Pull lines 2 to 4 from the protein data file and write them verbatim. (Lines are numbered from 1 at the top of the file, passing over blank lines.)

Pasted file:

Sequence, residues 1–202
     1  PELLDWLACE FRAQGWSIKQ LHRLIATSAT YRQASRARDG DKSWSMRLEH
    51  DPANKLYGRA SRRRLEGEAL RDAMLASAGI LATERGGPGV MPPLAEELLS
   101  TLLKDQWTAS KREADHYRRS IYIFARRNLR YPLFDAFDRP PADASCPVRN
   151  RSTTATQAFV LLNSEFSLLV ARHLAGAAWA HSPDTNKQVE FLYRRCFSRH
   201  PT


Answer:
     1  PELLDWLACE FRAQGWSIKQ LHRLIATSAT YRQASRARDG DKSWSMRLEH
    51  DPANKLYGRA SRRRLEGEAL RDAMLASAGI LATERGGPGV MPPLAEELLS
   101  TLLKDQWTAS KREADHYRRS IYIFARRNLR YPLFDAFDRP PADASCPVRN